PVC: PVC prices continued their downward trend in September 2022, falling for the fifth month in succession. Despite this, the price level remains high: base S-PVC is still 16.6% more expensive than a year ago, while E-PVC pastes are up 18.5% and S-PVC (U) is up 19.7%. In the case of base S-PVC, the combination of a falling C2 price and weak demand on the one hand and exorbitantly high energy costs on the other led to a broad spectrum of transactions in September – extending from sharp drops of EUR 120/t through to slight price increases. All in all, this resulted in price reductions that, on average, were below the pro-rata reduction in C2 costs. The price of compounds and paste also came under pressure in this way, particularly since additives failed to exert any influence in the opposite direction. PVC producers and compounders are thus attempting to offset the decline in prices by curbing production. Since demand is also suffering on account of the increasing fears of a recession, these efforts are having only a limited effect. The measures implemented by suppliers are also being counteracted by the increased inflow of low-priced imports. Against this backdrop, further price cuts can be expected in October. That would then be the sixth month in succession – and given the general turmoil probably not the last month of declining prices.

Styrenics: In September 2022, as in August, styrenics prices continued their nosedive. In the slipstream of the renewed drop in the SM reference (down EUR 287/t), all materials recorded triple-digit price reductions. EPS prices went down particularly fast, with the downward momentum even picking up in the course of the month. Suppliers reacted to the weakness of the construction sector by offering ever more generous discounts that ultimately reached EUR 400/t. In the case of PS – and to some extent ABS – the discounts remained below the cost reduction of the feedstock materials. This was because producers insisted on pricing in the soaring energy costs. Energy costs will also be a factor in the price movements in October. In fact, they have come down again a bit from the lofty heights they had climbed to a few weeks ago. Taking this into account, a producer for polystyrene already conceded a discount despite the styrene reference recording a slight plus of EUR 9/t at the start of Q3, thereby ending the massive decline of the two previous months. Meanwhile, the weak demand for all styrenics means that no rapid recovery can be expected. Fears of recession are scaring off purchasers everywhere, both among processors and end market consumers. Many players in the plastics industry are already looking forward with excitement to the upcoming K 2022 and, above all, to what stimuli the world’s leading trade fair for their industry will provide.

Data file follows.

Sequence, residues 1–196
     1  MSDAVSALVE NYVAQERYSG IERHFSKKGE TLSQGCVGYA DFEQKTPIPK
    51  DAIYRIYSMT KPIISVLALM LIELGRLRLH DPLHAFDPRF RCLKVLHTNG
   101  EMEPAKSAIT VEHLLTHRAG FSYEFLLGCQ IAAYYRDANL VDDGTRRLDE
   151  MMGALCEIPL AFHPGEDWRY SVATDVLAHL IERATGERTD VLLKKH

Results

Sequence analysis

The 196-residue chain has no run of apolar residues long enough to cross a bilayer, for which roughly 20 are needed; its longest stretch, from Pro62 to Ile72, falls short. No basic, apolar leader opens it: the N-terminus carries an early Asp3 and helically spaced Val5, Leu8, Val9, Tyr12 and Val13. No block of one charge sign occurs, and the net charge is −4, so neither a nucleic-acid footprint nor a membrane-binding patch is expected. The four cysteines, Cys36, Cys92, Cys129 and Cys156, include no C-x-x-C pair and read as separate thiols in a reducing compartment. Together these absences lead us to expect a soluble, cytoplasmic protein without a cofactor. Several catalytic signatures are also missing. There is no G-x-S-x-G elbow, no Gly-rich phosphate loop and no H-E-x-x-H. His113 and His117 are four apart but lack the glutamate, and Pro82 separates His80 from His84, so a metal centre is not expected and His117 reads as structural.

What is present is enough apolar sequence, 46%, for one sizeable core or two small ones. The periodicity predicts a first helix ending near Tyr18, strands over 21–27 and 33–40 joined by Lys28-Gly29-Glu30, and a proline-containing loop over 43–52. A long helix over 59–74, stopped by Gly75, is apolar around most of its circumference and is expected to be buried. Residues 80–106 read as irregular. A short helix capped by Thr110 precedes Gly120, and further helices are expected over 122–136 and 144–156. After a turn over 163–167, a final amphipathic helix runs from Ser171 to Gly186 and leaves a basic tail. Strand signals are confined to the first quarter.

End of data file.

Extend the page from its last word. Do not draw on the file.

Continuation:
PET: The downward economic turmoil severely impacted the European PET market in September 2022 as well. Despite numerous production curtailments and the rescheduling of maintenance work to an earlier date, European producers were left sitting on their volumes with warehouses beginning to “burst at the seams”. At the same time, low-priced imports were still available but even these frequently remained in the warehouses at the major ports. This is because converters are likewise sitting on high-quality material inventories that were bought when prices were still high, since the outflow to the end markets has been no more than a trickle. In the course of the month, prices thus fell accordingly from one week to the next and, ultimately, the price reductions even extended well into the triple-digit range. October looks set to be a very testing time for all market participants. The prospects are like looking into a dark tunnel with no indication of how long the tunnel actually is. Warehouses are fully stocked everywhere, production is expensive, and demand looks to be very low. Against this backdrop, further triple-digit reductions seem likely.